A Look Back (Part I)
If one wants to gauge how the relation of still and moving images is shifting, it is useful to look back at the relation of film and photography in the analogue age. Both media relied on the same optical apparatuses and photochemical processes – they produced images by exposing a photosensitive surface to light refracted by a lens. The images they produced were essentially indexical, and yet this indexicality has played a very different role in the reflection of the two media.
In photography, the indexical nature of photographic images has been fetishized in an almost mystical manner. The encounter of light and photosensitive surface was supposed to produce images of supreme truthfulness, an immediate record of reality imprinting itself on the film as if it were some kind of shroud of Turin. This supposedly immediate and privileged relation to reality, in which the photographer becomes the witness par excellence, was taken to be a distinguishing feature of photography, setting it apart from other types of images, i.e. painting, drawing, etc., that may be more autonomous and aesthetically more spectacular, yet lacking photography's unfettered access to reality. It was an elegant ruse that turned photography's dependence on the outside world into a privileged relation to reality in which the photographer served as a mere vessel or catalyst. This in turn demanded that the mediated nature of photographic images, their inherently fictional aspect that persists in spite of the mystical encounter of light and photosensitive film, remained insufficiently reflected for a long time. Genres of photography, such as fashion photography for example, that reveled in artifice and used the medium to create obvious fictions, were highly suspicious in this paradigm, instances of an inherently effete relation to reality. Looking at the history of photography, one often gets the impression that photography as a medium was often very uncomfortable with its mediated nature, to express this in a somewhat anthropomorphized manner.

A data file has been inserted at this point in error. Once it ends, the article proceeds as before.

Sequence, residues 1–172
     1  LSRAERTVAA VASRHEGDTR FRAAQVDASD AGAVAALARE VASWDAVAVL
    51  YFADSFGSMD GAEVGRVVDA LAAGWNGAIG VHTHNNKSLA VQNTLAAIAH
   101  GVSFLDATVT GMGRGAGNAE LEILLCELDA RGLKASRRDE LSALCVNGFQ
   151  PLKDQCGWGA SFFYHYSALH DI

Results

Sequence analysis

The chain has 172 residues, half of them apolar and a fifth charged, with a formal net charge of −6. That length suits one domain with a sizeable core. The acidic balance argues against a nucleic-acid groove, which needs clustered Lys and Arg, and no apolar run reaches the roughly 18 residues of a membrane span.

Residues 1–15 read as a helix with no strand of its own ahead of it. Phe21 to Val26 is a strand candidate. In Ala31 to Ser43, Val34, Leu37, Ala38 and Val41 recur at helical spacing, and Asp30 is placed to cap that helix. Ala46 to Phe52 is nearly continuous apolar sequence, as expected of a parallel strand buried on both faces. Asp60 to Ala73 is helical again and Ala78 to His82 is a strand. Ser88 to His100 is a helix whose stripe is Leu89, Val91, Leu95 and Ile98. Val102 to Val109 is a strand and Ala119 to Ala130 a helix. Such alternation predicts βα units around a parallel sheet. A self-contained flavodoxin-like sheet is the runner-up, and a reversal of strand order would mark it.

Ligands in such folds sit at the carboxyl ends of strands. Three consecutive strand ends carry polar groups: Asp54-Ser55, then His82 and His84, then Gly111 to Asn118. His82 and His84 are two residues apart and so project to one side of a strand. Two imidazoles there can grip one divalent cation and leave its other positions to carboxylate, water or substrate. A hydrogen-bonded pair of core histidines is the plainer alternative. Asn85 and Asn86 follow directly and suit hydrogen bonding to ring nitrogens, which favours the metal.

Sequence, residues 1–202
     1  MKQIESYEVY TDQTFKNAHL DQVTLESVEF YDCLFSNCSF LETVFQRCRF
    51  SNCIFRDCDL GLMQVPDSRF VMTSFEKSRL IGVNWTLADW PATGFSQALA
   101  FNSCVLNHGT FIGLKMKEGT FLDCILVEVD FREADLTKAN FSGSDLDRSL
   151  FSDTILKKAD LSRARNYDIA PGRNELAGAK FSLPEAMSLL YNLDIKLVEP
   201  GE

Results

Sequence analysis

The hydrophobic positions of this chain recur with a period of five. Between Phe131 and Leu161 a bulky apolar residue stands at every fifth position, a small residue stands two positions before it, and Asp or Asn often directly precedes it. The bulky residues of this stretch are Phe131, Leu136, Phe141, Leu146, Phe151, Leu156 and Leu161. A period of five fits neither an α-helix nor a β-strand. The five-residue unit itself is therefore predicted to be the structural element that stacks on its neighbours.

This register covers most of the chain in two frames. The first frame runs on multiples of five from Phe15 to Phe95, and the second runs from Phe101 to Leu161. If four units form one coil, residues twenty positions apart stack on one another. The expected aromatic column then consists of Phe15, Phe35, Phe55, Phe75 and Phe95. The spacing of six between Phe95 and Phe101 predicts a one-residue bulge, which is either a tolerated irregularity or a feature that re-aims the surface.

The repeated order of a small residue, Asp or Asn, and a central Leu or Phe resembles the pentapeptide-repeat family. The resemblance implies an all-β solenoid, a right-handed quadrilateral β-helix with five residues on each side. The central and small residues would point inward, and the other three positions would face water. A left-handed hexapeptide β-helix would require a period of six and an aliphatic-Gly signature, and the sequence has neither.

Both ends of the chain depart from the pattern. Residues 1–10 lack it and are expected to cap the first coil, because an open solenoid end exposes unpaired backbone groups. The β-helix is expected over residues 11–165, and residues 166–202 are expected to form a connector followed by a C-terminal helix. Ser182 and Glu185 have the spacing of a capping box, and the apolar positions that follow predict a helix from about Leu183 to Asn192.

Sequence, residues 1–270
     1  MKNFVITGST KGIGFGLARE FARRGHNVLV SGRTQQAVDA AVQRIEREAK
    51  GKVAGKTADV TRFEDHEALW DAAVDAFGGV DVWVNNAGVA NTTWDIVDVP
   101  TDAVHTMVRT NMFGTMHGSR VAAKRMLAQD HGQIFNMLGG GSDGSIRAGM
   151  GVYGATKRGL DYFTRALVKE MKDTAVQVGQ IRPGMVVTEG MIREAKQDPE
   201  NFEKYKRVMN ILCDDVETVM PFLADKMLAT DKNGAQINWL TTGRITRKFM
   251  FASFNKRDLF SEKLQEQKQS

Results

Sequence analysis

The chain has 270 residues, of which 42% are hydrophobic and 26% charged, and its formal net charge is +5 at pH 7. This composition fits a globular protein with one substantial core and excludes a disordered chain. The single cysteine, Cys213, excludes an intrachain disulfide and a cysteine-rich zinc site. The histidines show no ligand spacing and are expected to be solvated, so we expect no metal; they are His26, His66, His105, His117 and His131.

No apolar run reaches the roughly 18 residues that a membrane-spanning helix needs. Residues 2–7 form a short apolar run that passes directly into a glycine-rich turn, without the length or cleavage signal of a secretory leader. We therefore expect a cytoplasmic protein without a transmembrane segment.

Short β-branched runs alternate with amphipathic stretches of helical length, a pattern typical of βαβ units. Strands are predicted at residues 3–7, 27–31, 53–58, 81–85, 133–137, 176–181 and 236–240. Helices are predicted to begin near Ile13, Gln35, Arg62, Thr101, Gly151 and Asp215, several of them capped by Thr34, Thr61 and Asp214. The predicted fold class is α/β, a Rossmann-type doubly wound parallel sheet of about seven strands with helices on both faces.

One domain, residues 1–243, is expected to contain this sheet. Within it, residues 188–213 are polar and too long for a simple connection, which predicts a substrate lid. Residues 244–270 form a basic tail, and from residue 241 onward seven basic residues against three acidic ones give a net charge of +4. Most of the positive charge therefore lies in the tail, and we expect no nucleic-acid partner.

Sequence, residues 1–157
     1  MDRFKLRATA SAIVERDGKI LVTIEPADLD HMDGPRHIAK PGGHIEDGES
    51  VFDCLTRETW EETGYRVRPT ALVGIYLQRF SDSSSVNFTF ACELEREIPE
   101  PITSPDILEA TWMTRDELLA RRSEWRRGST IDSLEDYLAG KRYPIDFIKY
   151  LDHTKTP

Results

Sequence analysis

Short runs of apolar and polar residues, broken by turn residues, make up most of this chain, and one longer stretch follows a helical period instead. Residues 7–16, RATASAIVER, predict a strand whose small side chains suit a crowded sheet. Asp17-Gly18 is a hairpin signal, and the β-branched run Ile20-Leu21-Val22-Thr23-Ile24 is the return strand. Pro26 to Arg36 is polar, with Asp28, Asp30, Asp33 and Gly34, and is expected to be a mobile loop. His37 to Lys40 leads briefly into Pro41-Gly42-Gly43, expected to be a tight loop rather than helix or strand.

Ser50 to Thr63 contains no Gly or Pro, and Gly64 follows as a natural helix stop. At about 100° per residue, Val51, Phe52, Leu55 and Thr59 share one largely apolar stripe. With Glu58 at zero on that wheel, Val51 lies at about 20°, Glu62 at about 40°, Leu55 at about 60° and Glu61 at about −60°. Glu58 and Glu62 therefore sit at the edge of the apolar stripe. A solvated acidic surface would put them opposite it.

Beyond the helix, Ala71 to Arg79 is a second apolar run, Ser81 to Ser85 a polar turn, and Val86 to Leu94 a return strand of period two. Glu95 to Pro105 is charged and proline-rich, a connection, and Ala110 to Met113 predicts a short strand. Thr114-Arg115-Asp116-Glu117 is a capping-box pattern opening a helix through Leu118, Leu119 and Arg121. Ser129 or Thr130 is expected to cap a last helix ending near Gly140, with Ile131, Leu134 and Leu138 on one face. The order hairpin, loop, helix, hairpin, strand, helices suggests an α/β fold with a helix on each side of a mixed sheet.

In thinking about film, however, the very same indexicality never played such a prominent role. Not even documentary filmmakers make recourse to it to underline the truthfulness of their endeavors. One can surmise that film's evident capability to manipulate time and the evidently edited nature of its products foreclosed the possibility to establish such a linear relation to reality and consequently truth. In film, the light that meets the photosensitive surface is the limelight with all of its attendant vicissitudes. Moreover, narrative film, i.e. mainstream cinema, is a curiously impure medium – partly it partakes in the visual arts, partly it continues the tradition of narrative fiction in literature, i.e. theatre and the novel. Insofar as film is understood as storytelling, it is a priori fiction and artifice, hence its indexical nature is of little consequence, which in turn begs the question whether fetishization of it in photography is not a rather dubious operation. Similarly, when film was used as a primarily visual medium freed from the strictures of narrative (as in experimental film), it was considered primarily an autonomous image in the tradition of fine art, and not as an imprint of reality; although experimental film is in many ways closer to photography than mainstream cinema (more on this later).
What emerges is a sharp and very telling contrast: Despite their more or less identical technical basis, photography in the 20th century was a medium that was considered to have an elevated claim to veracity and authenticity, whereas film was the very epitome of artifice and glorious lies. In my next post, I want to further explore what that meant for their dialogue.